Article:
Tomorrow I may power wash the lawn mower and put it away in the hole I dug in the garage. My fear regarding that evolution is that the sun will come up and cause the grass to grow mega fast which would require me to get the mower dirty, again. But, I’ll do what ever I have to do to keep the grass in check.

I’m also going to make the Winnebago ‘move’ tomorrow and put it back in the driveway where it belongs. That will involve reinstalling the portion of the driveshaft that Bob removed before he towed it home. He was going to put it back, but I told him I’d do it. Should have let him do it, huh? When that’s installed, I’ll figure out the fuel problem so the engine will start. Might take the mechanical fuel pump off, too, and see if the new one I have looks anything like it. If so, I’ll install it, too.

I can’t do this any more. Girls are playing volleyball on the Pac12 Network.

Phones, Puppies, & No Nap

As you all know, Diane was blessed with a bright yellow iPhone 5C on the 20th, and I received her hand-me-down old iPhone 4. Not an iPhone 4S, but just a 4. Her old phone is just as pristine and clean as the day I took it out of the box to set it up two years ago so I was all for it. You also know that the reason for this need was because I dropped my 4S too many times and broke the screen. I gave it to Jeff for showing us the girls’ new puppy which came to our house named Mallory, but left with her new name, Roku. That’s the number 6 in Japanese. Jeff wanted a “6” name because she has 6 white toes. She’s 10 weeks old and is already twice the size of Ozzie. When she grows up she’s expected to weigh in around 140+. Big dog.

Today was the first time I’ve been allowed to take my ‘new’ phone out of the house so it was a total surprise to me when it fell out of my lap and crashbanged on the garage floor upon returning from wherever it was we went. Seeing this, Diane pursed her perfectly formed, lightly tinted lips, marched in the house with an over-the-shoulder dictate that I need to carry my phone in a case, and she had the perfect one. The phone is a white one and so is the case. It’s a Hello Kitty one that’s she had, ‘Just in case.’ She thought I wouldn’t like it, but I think it’s just absolutely adorable.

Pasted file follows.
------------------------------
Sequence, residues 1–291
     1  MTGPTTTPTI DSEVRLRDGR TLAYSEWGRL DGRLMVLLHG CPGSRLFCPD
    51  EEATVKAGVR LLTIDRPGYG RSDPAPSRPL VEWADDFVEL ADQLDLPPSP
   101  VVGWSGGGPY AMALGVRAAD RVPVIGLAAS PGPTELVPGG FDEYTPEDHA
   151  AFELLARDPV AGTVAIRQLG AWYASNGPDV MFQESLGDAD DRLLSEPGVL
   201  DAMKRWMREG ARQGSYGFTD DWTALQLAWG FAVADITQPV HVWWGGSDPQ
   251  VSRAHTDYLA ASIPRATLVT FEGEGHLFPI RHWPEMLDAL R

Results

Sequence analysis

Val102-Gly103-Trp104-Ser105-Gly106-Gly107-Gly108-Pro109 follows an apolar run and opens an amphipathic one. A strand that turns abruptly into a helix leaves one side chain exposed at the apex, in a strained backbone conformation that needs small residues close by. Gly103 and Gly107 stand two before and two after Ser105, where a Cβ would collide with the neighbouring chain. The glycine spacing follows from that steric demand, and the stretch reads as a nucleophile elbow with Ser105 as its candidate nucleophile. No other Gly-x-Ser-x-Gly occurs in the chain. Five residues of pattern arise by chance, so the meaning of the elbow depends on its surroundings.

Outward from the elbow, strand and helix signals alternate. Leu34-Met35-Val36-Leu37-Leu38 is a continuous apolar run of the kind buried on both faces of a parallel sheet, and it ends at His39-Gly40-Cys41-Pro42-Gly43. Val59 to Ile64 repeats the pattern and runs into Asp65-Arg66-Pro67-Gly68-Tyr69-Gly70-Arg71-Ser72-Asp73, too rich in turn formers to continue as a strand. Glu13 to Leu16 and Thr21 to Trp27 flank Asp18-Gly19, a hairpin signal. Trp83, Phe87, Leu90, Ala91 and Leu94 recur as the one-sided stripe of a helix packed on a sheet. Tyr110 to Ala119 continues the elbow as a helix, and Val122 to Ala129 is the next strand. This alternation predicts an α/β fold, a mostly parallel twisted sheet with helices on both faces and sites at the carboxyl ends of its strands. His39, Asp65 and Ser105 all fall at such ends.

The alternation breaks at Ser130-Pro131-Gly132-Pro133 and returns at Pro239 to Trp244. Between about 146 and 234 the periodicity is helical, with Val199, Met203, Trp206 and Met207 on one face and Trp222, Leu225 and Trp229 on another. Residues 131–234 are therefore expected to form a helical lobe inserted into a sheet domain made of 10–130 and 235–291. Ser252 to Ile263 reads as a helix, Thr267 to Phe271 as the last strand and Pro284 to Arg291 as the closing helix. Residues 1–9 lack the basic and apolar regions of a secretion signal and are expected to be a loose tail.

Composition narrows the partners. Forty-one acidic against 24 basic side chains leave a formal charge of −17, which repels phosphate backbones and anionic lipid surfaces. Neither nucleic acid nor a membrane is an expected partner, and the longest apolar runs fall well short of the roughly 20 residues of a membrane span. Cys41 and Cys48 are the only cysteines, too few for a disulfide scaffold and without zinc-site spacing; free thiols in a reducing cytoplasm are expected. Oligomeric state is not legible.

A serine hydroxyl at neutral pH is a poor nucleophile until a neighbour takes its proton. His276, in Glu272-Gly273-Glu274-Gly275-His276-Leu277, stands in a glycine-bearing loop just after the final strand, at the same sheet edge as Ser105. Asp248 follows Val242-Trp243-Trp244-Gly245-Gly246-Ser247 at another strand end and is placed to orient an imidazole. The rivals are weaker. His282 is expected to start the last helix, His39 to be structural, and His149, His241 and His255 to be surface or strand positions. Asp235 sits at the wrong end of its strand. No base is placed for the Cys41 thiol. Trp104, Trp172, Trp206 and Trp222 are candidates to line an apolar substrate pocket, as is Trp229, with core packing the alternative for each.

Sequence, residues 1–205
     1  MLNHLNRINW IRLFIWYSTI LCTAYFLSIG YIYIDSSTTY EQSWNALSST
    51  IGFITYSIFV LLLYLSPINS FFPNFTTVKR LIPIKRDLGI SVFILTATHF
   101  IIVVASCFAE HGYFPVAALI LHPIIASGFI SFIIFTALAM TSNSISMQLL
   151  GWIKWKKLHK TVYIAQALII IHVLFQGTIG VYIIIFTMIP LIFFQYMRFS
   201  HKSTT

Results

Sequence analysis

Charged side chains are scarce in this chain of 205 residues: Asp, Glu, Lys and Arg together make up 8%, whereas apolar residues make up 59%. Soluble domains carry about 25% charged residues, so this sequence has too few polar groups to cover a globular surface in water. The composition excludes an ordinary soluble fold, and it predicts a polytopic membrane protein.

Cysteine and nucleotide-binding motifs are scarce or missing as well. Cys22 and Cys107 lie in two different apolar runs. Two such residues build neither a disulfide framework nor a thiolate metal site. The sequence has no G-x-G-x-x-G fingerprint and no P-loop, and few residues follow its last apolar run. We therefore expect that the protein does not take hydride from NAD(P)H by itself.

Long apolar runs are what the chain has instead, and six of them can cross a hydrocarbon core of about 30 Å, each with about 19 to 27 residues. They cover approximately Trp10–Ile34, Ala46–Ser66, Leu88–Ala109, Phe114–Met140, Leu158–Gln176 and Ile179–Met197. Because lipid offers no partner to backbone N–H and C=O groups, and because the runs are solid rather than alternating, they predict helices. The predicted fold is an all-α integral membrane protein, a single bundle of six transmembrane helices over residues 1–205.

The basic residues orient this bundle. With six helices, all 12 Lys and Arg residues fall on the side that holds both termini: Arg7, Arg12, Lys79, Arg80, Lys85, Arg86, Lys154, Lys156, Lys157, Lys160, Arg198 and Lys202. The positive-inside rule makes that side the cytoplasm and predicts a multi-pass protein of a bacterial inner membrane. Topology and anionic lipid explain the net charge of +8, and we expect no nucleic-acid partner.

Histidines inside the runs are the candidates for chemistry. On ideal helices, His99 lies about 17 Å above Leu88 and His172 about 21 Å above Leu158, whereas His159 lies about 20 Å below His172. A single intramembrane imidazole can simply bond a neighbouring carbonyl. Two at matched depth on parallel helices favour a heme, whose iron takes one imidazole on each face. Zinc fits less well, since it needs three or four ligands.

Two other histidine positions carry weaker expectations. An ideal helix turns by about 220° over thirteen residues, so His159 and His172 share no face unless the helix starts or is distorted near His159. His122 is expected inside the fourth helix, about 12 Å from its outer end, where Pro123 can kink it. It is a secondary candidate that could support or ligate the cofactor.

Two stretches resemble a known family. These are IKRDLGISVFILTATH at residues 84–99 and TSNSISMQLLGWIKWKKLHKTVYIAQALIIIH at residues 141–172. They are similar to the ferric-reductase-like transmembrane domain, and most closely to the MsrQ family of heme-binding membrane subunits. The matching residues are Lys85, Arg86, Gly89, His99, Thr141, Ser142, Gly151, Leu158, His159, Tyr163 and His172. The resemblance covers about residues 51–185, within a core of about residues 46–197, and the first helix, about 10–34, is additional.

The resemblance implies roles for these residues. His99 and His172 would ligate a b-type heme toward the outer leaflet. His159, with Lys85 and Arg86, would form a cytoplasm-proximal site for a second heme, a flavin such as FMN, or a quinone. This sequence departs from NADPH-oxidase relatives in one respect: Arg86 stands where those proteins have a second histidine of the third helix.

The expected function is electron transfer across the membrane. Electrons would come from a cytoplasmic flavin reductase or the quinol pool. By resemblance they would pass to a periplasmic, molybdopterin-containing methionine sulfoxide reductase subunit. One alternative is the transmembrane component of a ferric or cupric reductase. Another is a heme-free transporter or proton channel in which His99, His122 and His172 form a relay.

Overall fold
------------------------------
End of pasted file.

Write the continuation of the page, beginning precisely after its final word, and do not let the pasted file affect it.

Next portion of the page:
It’s been raining most of the day so it’s good to be inside. The only trips we’ve taken, so far, was to pick up Mary, Trudy, and Glenn at 0600 for a trip to the airport, back home, them to Home Depot in Longview to get a $100 error, in their favor, corrected, then to Columbia Feed & Seed for Panzee dog food. So, it turned out to be a pretty busy travel day in the rain. Thankfully, due to Diane’s superb driving skills, we made it to and from every one of our chosen destinations.

It’s only 5:01 pm right now, but I’m really tired. No nap this morning kinda wrecked me for the day. So, I’m calling it quits early. No staying up until 11 pm like I normally do.

Hope everyone is safe and sound in your own abodes, or wherever it is you wish to be.

Rain, Wind, Home Depot, and Barry Manilow

It was a very rainy, and windy day here in River City. That not totally true because it’s not really River City, it’s still St. Helens. But, the town resides on the western shore of the Columbia River, where it flows north from Portland to Longview, so it’s also known as River City. Just thought I’d share that with you for clarification.

This morning at church Diane, her Mom, Jean, and I provided all the snacks for the coffee hour after the service. My job was to carry the bag of food to the basement then get out of the way until I was called to do something. That moment came as soon as everyone, all 30 of them, had made their way through the line once. Then Diane and Jean abandoned me, leaving me alone with two very hot coffee pots, decaf and regular, trusting me to not burn anyone. I did them proud by not doing that and I even got a little cocky and poured left-handed. Though I’m sure I’ve done it before, I have no memory of it. I even did an old trick I’ve used, not overly popular by most of the recipients, by filling Nancy’s cup to the tippy top, so full that picking it up bordered on dangerous. I didn’t burn her, though. That trick I developed while in the Navy aboard ship. Invariably, when someone fills their cup with coffee, someone is waiting right behind to fills theirs. Having the pot already in your hand, it’s an accepted practice to fill the cup of at least the next person in line. When it was me doing the filling, I poured them a heaping cup full. Really. Heaping full. If you fill a cup all the way to the top, and look at it sideways, it almost looks like the liquid is above the cup rim. The fun part at sea is watching the person ask you to stop well before it’s full, but continue anyway. They never once pulled their cup away, but allowed me to fill it all the way up, calling me some pretty creative names as I calmly put the pot back, and watched as they did their best to get the cup to their lips without spilling anything. Consider, too, that the ship is moving all the time. Sometimes in predictable directions. To their credit, everyone who had the misfortune of having me fill their cups in the Goat Locker (Chief’s Mess) never spilled a drop. That comes from experience. They also learned quickly to just wait until I put the pot down so they could fill their own cups. I guess what I did may be construed as mean, but I treated it like a training session.